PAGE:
When Do I Sign Up For Medicare?
Posted on: 24 September 2020
If you are turning 65 soon, you are probably worried about getting signed up for Medicare. Many people are unsure about the timeline for signing up, along with how to do it. Does Part B automatically happen? Or is that Part A? What about Part D? While every situation is different a lot of the information for how to sign up for this new epoch of health insurance can be found here. To help you through the challenge of signing up for Medicare, each part will be discussed in order.
Medicare Part A is usually known as hospital insurance. This part of Medicare covers you as soon as you walk into the hospital and pay your deductible of $1,408 (for the year 2020). So how do you sign up for it? Remember when you were working and part of every paycheck went towards medicare? Well, that was you paying ahead of time for your medicare. If you have worked for at least 10 years of your life it will be covered. You will also be covered if your spouse has been paying into medicare. If neither you nor your spouse has paid for medicare it can be quite pricey, and you should talk to a medicare specialist to sign up.
Part B covers doctor's visits. The window for signing up for part B opens 3 months prior to your birthday, then continues for the month of your birthday, and three months after. There are penalties if you miss this window, so make sure that you pick your plan within that time period. You can sign up on medicare.gov. If for some reason, you were unable to sign up during the 7 month period, there are other special times available. For example, if your spouse is still working you will continue to be covered by their insurance. When they retire you will both be able to sign up without penalties.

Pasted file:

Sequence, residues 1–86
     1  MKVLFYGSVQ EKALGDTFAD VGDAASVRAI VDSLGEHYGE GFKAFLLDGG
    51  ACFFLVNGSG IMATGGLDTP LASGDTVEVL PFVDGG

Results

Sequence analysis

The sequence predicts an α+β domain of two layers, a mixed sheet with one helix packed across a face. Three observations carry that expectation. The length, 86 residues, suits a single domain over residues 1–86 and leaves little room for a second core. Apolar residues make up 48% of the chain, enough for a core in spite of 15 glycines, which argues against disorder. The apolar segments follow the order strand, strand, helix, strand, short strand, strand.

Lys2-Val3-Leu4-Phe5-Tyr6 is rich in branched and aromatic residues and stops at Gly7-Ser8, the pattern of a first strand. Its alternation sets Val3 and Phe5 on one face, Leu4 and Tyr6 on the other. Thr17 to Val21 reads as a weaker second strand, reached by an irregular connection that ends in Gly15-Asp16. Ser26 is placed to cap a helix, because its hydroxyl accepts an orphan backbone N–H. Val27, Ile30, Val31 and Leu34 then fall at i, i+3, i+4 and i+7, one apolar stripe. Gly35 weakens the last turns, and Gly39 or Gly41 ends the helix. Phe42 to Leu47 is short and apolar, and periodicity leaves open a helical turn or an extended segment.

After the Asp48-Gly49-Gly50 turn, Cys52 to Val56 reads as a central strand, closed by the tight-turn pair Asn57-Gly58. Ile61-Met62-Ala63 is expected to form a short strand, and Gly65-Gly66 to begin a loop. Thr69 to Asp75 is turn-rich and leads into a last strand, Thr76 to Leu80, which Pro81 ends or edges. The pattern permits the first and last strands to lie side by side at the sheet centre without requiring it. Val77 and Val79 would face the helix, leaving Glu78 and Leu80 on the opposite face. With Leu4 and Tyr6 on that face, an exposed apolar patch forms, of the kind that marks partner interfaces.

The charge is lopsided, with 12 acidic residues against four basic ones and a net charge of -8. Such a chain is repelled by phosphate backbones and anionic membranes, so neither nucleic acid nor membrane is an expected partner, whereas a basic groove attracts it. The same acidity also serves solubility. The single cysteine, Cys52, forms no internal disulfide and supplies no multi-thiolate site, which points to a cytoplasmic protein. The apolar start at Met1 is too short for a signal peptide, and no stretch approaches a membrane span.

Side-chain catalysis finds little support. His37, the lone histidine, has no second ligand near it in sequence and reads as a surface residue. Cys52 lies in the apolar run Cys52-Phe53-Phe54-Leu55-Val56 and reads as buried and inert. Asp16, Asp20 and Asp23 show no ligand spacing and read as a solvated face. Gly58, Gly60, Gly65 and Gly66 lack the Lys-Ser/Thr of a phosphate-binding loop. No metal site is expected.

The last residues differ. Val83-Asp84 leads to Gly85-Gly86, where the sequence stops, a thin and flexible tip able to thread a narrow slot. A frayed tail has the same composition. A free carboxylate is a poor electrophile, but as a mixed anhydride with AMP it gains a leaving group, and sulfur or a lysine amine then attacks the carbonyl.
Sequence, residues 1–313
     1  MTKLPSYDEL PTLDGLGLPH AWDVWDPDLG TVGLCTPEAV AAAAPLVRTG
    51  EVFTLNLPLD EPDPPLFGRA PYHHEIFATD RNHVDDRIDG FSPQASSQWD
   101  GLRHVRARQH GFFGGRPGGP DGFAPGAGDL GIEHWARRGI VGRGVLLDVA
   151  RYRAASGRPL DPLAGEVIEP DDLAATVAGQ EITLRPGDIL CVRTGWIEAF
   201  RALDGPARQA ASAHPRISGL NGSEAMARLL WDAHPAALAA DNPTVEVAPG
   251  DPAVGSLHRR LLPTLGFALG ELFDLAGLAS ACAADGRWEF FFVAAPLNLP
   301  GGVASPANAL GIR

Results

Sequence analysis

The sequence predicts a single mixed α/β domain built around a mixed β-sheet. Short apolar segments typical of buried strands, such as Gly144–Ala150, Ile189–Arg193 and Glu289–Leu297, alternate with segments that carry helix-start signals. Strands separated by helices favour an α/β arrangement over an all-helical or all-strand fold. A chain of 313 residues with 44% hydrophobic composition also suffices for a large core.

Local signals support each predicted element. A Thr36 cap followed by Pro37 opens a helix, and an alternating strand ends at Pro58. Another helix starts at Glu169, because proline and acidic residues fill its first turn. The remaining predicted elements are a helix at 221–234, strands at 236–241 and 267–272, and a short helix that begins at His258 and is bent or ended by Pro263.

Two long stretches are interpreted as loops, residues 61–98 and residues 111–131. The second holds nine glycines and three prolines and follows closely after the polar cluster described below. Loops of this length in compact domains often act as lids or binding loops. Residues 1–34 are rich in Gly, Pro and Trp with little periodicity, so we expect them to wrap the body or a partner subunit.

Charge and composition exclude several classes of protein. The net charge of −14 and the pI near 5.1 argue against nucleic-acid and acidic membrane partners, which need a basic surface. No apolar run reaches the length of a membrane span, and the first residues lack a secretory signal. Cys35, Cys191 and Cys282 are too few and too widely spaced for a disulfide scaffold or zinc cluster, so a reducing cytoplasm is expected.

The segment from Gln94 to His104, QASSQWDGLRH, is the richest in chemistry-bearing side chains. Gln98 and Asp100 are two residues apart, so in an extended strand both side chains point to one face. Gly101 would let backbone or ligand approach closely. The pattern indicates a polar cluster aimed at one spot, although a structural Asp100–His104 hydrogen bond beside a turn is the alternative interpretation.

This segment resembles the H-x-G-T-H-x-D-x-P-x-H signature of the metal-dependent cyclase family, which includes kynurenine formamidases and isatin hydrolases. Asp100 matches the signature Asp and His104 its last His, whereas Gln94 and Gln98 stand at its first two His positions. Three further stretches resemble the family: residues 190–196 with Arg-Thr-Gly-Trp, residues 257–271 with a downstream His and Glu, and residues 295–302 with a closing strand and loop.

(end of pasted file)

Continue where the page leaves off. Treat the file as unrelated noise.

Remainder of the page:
Medicare Part D is coverage for medications you may be on. Most people sign up when they are first available for part B. Even if you are not currently prescribed medication, it is wise to sign up just in case you need an antibiotic or something. If you do not sign up during your initial signing window you may have penalties when you do sign up. Because prescriptions are constantly changing there is an open enrollment window each year where you can change your plan.
In conclusion, make sure you know when you need to sign up in order to avoid penalties.Share